Jump to content
  • Advertisement
Sign in to follow this  
DeadXorAlive

Advice on (learning) parsing

This topic is 4726 days old which is more than the 365 day threshold we allow for new replies. Please post a new topic.

If you intended to correct an error in the post then please contact us.

Recommended Posts

I'm interested in learning how to make and / or use a parser. What would be a good way to go? So far, I have written (from a book) only a very simple recursive descent parser (or so I am told), for a stack based calculator (in C++). Basically I'm looking for the big picture here: - Any useful tools. I've heard about yacc-lex, is it hard? - Any references, links, books. - What is involved in writing / using a parser that is extensible, what are the components? - How difficult is it, how much experience and time needed? What are the required programming skills? (I might drop the whole idea for now and learn those skills first) These are some project ideas that get me excited. Any comments are welcome: - Adventure games like the old Larry (eh excited, not intended). - Simple First Order Logic parser. I had an educational tool called Tarski's world where you could write FOL sentences about some geometric objects, whose truth-value would then be evaluated. In the long run, something like this in a game would be very nice. - Parsing and translating C++ in plain English. I suppose this is too much, but I like the idea.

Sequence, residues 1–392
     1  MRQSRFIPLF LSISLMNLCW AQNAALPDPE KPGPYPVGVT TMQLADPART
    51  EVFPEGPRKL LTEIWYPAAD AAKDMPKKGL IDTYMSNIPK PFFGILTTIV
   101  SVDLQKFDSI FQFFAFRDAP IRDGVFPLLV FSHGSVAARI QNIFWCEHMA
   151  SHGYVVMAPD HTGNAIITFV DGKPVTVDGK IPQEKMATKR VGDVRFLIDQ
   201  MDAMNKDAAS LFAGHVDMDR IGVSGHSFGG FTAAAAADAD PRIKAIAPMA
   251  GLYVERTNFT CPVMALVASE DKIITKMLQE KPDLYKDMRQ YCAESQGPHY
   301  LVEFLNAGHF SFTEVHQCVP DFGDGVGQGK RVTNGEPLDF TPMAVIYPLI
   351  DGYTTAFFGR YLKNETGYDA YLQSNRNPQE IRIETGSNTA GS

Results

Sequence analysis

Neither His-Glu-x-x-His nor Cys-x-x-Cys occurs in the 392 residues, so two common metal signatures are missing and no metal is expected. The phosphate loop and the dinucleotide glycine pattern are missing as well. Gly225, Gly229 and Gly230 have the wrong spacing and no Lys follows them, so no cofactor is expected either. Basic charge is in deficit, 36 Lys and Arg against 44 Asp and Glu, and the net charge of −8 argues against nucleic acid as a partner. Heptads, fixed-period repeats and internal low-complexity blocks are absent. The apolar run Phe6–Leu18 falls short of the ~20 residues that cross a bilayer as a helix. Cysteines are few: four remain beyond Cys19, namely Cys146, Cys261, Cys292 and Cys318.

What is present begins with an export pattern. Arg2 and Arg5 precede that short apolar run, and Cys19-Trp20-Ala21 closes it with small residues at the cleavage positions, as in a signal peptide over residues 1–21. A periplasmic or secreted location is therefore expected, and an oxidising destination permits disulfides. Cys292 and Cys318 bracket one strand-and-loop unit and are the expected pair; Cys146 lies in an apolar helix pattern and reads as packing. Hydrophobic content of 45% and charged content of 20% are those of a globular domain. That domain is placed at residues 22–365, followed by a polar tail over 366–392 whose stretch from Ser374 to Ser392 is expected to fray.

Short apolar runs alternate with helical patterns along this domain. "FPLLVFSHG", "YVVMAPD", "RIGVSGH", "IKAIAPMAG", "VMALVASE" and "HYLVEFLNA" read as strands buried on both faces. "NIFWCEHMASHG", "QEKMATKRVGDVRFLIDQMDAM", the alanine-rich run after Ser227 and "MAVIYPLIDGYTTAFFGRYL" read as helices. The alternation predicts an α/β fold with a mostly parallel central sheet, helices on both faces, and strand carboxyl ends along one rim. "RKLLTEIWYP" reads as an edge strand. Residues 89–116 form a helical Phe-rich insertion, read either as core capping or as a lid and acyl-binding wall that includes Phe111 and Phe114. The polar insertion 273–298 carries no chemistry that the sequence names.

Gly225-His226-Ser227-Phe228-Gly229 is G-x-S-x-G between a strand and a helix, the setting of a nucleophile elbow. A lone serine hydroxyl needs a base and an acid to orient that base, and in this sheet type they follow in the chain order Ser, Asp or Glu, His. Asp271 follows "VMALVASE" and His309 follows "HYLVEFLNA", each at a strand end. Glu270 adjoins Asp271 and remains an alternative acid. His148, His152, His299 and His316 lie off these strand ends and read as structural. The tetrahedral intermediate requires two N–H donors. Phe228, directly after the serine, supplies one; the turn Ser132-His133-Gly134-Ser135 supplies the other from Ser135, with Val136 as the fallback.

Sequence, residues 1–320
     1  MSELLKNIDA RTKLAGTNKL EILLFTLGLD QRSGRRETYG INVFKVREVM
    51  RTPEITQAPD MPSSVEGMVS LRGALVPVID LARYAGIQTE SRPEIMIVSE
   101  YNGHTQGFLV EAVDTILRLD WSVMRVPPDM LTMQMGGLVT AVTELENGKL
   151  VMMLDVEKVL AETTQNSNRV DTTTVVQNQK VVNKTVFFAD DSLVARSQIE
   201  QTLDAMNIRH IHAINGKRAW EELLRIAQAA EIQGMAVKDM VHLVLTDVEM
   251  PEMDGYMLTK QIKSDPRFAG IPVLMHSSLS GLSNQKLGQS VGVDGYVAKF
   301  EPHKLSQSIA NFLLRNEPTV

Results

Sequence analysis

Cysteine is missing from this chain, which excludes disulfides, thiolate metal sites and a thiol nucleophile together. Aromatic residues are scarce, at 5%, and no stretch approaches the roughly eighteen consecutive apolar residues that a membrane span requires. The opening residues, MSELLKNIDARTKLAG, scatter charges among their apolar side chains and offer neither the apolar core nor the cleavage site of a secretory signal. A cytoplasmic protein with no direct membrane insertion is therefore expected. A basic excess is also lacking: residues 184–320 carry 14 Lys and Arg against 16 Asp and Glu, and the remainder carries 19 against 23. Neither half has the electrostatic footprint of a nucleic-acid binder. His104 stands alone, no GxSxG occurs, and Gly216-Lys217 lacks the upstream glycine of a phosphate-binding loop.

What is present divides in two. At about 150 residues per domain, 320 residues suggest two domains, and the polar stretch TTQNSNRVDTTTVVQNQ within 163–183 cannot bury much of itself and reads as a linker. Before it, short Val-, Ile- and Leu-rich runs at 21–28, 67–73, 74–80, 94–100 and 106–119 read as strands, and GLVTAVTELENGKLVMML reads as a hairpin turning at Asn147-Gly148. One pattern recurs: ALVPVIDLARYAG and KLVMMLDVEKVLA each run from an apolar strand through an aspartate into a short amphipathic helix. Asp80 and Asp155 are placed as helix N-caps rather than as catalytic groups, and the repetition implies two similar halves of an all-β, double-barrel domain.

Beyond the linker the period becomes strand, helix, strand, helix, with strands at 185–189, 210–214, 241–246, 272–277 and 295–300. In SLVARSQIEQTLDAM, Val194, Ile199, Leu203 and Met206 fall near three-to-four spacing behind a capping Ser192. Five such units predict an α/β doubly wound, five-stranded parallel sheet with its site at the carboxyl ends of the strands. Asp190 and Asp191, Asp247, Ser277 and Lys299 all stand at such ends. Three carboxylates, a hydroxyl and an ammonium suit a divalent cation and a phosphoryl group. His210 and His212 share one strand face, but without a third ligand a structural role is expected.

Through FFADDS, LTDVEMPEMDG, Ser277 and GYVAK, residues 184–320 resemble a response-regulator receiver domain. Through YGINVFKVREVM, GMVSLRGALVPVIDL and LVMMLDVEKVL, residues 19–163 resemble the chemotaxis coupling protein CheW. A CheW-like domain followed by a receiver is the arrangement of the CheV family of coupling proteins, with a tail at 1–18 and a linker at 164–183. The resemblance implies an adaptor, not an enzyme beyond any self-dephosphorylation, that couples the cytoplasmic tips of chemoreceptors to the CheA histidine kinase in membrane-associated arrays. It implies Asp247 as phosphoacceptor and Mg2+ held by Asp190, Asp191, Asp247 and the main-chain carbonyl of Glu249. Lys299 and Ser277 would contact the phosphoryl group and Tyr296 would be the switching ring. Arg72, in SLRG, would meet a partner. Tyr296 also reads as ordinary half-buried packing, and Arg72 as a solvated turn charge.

Share this post


Link to post
Share on other sites
Advertisement
I recently went through and learned at least the basics of boost::spirit, and it was suprisingly easy. If you know regular expressions, at least a little, it's fairly easy to make something quite powerful with only a day or two of learning/experimentation.